06.52

06.59
??: Wasn’t Rolex originally an English brand?
07.01

07.01
PS: Wilstoff and Davis were the two guys. I think Davis was English and Wilstoff was Austrian.
One was a bracelet manufacturer and one was a case manufacturer. And the early Rolex, they’re
still marked “WD” inside, the movements were made by a company called Reburg and if you
follow Reburg, the same movement Reburg which was made like in 19, I don’t know 20 or 30 or
whatever, you can see an evolution as a restorer how that grew literally over the next 50 years, you
could follow history.
07.23

07.33
PS: I didn’t approach my business from the point of view of what we sell. I did it initially and I
started off and I worked as an independent for other companies, but I designed my own watches
the way I wanted to make them, with my own philosophy and my own approach and I was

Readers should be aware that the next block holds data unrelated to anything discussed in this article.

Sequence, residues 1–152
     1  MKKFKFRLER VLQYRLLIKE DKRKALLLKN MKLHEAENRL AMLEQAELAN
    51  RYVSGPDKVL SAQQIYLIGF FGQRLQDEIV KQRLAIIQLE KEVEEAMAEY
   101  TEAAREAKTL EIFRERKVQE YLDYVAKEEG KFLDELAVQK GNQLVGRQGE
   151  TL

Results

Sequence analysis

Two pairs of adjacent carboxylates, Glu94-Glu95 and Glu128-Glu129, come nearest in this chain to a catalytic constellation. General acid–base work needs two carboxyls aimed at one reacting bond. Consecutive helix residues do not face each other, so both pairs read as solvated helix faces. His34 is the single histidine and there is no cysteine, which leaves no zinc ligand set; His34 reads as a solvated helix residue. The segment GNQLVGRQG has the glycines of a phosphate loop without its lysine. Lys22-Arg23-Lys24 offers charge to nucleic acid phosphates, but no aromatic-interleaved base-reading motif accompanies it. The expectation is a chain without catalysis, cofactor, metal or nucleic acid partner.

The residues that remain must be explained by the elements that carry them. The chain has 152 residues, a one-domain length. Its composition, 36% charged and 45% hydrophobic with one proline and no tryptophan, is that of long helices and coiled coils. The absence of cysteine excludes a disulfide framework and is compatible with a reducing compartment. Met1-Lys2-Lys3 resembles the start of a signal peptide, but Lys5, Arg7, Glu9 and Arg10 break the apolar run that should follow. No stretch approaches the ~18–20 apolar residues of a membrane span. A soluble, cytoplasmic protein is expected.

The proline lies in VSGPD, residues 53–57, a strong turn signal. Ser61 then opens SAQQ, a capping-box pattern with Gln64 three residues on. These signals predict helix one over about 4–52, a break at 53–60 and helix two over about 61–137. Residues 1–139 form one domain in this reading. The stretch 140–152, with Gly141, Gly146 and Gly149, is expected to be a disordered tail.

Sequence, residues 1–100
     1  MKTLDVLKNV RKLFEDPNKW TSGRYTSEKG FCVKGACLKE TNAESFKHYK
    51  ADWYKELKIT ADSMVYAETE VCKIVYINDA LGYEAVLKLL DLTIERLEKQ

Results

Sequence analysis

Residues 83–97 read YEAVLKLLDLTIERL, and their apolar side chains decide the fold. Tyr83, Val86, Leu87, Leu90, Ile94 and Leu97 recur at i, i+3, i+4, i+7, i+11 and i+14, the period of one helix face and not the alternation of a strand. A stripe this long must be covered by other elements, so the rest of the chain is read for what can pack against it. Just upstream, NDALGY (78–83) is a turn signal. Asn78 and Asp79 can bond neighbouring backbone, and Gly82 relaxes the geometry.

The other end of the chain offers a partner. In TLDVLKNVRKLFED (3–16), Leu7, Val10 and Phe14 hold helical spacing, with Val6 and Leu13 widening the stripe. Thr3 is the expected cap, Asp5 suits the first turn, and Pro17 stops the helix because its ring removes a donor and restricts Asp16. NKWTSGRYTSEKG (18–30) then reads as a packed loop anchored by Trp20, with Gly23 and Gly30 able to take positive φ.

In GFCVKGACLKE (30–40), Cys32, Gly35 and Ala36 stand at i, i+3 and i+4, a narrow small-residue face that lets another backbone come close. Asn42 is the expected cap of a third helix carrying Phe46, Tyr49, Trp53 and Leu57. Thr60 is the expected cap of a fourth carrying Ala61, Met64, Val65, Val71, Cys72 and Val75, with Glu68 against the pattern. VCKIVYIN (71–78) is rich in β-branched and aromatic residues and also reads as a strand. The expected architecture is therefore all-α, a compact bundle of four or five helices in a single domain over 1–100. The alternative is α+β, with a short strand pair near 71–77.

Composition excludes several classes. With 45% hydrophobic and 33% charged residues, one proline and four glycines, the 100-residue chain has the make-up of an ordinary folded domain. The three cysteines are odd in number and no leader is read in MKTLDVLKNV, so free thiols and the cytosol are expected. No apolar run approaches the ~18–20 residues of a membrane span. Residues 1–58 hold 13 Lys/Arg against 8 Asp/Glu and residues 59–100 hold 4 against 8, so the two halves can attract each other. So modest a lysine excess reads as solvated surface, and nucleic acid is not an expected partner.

fortunate that people liked it so I kind of landed very well.
07.52

08.05
PS: I had potential orders and the prices were high because it’s handmade watches. No bank in
Switzerland was prepared to cut me any slack, so I then had to work for about three years
developing a foundation of the Piccadilly watches by basically funding myself through working on
complications for other companies.
08.20

Jewellery Theatre Elements

08.30
PS: Anybody who becomes independent you sacrifice probably the first you know three, four years
of your life. You know, weekends, weekends, holidays and as a watchmaker it’s very insular and
after a while you go a little bit gaga. I was saved by the birth of my boy and then he kind of
showed me what was really important and balanced out my life and my wife also kind of kept me,
kept me on the tracks.
08.54

09.02
PS: I made everything. My own cases, my own vials, all the modifications to my own movements
own bridges, own rotors, the watch developed over about two years. The basic pointing, meaning